Hooked on hashtags
I wish I'd never gone on Twitter. Three weeks in and I'm already hooked. I've got an addictive personality, though. When I was a student I took a drag on a menthol cigarette, and within a month I was rolling six-skin spliffs and carrying emergency roaches and a family bag of crisps. And Twitter is even more addictive. At least when I smoked, I'd wait until the evening to roll my first joint, but now I reach for my BlackBerry at 6am when I'm half-asleep in bed. Before Twitter dominated my life, I used to be a reasonable parent - I'd put hot dinners on the table and a few clean socks in the drawer - but now I'm giving my son things-on-toast and a bad case of athlete's foot. And I'm not the only one who's addicted. If you look at how long celebrities spend on Twitter then they are either employing a ghost-tweeter or are actually taking us into the loo.
The attraction of Twitter is that its verbal exchanges are much livelier than you get at home. On Twitter, no one asks #couldyoucutmytoenails or #takealookatmyrash. Because the answer would be #fuckrightoffanddoityourself or #justslaponsomeE45.
Everything on Twitter is sharper, pacier. And if like me you're getting older, you may struggle to keep up. Sometimes, by the time I've thought of a witty response to someone's hashtag question, they've moved on to discuss world affairs with @somebodyelse. It's a bit like finally arriving in Reykjavik to discover that the in-crowd has flown to Nantucket. Twitter has a habit of making you feel like a pensioner; you hear a knock, but by the time you've shuffled to the door, the postie has taken your registered post straight back to the sorting office.
On Twitter, you not only have to be quick but also very smart because everyone is dressed in their intellectual Sunday best. Unlike real life, where people tell you about their dreams or what they're cooking for tea, on Twitter it's all about politics or the thoughts of the Dalai Lama.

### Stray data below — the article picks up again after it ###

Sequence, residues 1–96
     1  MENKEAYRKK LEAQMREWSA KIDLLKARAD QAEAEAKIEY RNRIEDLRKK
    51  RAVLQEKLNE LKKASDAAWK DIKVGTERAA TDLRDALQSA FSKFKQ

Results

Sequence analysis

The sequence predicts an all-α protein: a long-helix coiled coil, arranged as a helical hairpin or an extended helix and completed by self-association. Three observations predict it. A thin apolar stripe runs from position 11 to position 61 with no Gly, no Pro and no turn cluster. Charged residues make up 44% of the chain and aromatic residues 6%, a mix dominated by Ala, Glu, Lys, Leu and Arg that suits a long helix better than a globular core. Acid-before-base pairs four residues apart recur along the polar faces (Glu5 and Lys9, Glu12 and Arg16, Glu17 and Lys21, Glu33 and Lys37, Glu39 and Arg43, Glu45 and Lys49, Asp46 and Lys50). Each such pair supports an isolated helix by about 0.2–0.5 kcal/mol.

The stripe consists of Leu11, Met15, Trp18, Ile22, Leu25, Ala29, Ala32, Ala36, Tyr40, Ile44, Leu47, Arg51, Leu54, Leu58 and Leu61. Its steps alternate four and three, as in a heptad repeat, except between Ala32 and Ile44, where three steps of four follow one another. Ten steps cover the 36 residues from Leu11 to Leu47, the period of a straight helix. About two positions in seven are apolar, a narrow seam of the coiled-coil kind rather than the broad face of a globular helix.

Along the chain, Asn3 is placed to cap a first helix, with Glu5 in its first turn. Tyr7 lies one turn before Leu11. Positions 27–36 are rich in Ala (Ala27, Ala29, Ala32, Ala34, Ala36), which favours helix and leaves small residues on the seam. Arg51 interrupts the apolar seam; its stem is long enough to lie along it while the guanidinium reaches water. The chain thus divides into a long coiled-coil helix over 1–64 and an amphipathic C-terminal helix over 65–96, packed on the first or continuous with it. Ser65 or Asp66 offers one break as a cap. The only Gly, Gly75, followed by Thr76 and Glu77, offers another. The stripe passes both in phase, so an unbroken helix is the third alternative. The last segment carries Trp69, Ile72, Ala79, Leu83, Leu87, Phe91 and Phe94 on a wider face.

People on Twitter also look massively appealing. Every bloke looks like Jack Kerouac or a foreign correspondent. There's not a man on Twitter who couldn't adorn the flyleaf of a Penguin Modern Classic. And the women are even more gorgeous. In real life, they probably wear pop socks and go to Gala Bingo, but on Twitter they all look like Charlize Theron.
I'd like to believe we're attracted to Twitter because it offers immense freedoms rather than the opportunity to cop off - intellectually - with a bunch of strangers. Twitter's strength is that its content is micro-blogged by the people, for the people. It's irreverent, punkish and gobs in the face of the Establishment. When Orwell's Winston Smith said, "The future lies with the proles", he was probably thinking of social blogging. But teachers are far too knackered to use it as a force for social change; we'll end up using it - like we use email - to flog second-hand car seats and post videos of dancing cats.
And anyway, Twitter has already fallen from grace. Last month, it sold two years' worth of tweets to DataSift, which is charging businesses an "entry-level" #163;635 a month to sniff through your archived gussets to improve their targeted marketing. At least there's some satisfaction in knowing that the tweets they will buy bear little correlation to the account holders' true personalities. They'll start targeting us with Tibetan tours and subscriptions to The Economist when we'd sooner have a copy of Bella magazine and a makeover voucher for MAC.
Anne Thrope (Ms) is a secondary teacher in the north of England. @AnnethropeMs.